"The Wolverine," the sixth film in the X-Men franchise, opened strongly last week, but Christian reviewers say excessive violence mars it, while they disagree on its positive elements.
"There is a time where I just want to go and see stuff blow up," producer and filmmaker Phil Cooke, founder and chief executive officer of Cooke Pictures, told The Christian Post in a Friday interview. "However, I also know that the opportunities for deep, meaningful drama are going to be few and far between, particularly in the summer box office."
Logan, the titular Wolverine, is tantalized with the ability to die after living a purposeless, invincible existence, and begins to lose his powers of healing, all the while slicing through scores of foes to get the girl.
While he liked the previous X-Men films, Dr. Ted Baehr, chairman of the Christian Film and Television Coalition and editor-in-chief of Movieguide, echoed this lack of substance in modern cinema, more specifically in "The Wolverine." "They just took out the faith and values and they made it very bloody, very action, very mean," he said in a Movieguide interview.
"It's all style and no substance," Baehr said. "It's like several of the movies this year – including The Lone Ranger - where they've just become so infatuated with CGI and with style and with fights that they forgot to tell a story."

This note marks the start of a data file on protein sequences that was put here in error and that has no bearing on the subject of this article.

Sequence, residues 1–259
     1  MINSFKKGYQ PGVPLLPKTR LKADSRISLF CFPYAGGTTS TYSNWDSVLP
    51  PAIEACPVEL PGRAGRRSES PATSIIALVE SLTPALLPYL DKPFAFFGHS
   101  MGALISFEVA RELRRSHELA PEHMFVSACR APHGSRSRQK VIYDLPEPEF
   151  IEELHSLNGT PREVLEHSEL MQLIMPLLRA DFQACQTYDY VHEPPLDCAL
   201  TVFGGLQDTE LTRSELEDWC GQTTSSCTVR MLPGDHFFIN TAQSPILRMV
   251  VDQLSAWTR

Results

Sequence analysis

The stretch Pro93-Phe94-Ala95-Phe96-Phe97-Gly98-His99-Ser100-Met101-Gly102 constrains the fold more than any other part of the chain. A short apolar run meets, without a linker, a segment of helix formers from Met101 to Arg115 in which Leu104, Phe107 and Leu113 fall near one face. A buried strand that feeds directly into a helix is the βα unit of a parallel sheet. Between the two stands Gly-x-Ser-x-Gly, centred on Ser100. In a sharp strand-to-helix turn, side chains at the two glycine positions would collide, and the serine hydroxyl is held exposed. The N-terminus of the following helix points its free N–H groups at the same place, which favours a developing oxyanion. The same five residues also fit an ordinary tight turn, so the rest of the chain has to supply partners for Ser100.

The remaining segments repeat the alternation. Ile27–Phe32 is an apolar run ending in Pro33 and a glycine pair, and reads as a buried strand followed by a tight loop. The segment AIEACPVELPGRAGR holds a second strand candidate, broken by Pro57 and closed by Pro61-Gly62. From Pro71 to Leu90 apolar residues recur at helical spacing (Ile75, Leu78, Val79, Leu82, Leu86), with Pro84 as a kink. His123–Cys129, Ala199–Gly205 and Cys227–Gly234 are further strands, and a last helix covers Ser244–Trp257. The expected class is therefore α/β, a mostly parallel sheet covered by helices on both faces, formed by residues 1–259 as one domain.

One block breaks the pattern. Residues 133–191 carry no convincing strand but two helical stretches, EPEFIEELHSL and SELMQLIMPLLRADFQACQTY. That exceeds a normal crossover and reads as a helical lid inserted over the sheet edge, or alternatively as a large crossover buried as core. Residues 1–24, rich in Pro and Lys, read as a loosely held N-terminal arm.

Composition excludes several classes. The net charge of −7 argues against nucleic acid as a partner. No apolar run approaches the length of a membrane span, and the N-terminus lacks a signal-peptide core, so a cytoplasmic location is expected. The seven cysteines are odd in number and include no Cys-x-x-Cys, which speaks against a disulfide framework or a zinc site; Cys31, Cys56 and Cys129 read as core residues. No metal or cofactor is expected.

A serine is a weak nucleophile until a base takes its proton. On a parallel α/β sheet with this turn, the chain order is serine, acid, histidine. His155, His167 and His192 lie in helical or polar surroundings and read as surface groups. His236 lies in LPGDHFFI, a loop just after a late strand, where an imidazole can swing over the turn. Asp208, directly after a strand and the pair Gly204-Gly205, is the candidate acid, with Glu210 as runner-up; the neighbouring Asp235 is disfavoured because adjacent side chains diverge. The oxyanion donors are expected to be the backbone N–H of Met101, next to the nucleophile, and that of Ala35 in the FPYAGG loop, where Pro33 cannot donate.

A Movieguide review of the film noted that, "The Wolverine is marred by some gruesome and even graphic violence, implied sexuality, and foul language."
"A whole city is nuked and Logan's grotesquely burned body heals itself…a man's throat is stabbed with a pen," and "Logan is forced to cut open his chest and reach inside to fix his heart." Due to these graphic elements, Movieguide advised "extreme caution" for the film.
"Wolverine has long been one of Marvel's darker superheroes – an antihero, really, with few qualms about killing his big, bad adversaries," wrote Paul Asay, senior associate editor at Focus on the Family's "Plugged In" review site. "While both Iron Man 3 and Man of Steel technically have bigger body counts, the violence in The Wolverine is more visceral, and it can be bloodier as well."
Asay echoed Baehr's list of graphic violence – throughout the film Logan is "shot and stabbd and cut almost clean through. He falls from huge heights and is shot full of harpoon-like arrows." While fewer die than in some of this summer's blockbusters, this film features "people who are hurt and killed via bullet blade and arrow." Chillingly, "corpses lie around."
Nevertheless, the PluggedIn writer called The Wolverine "one of the better films to come out of Marvel's cinematic X-Men franchise," because it introduces the idea of purpose. Through his romantic interest in a girl named Mariko, Logan "rekindles not just a new love of life, but a new direction. He's given a reason to get out of bed in the morning."
Even the Movieguide review noted Logan's willingness "to sacrifice himself for others." This redemptive heroism "aligns with the biblical worldview of standing and fighting for others."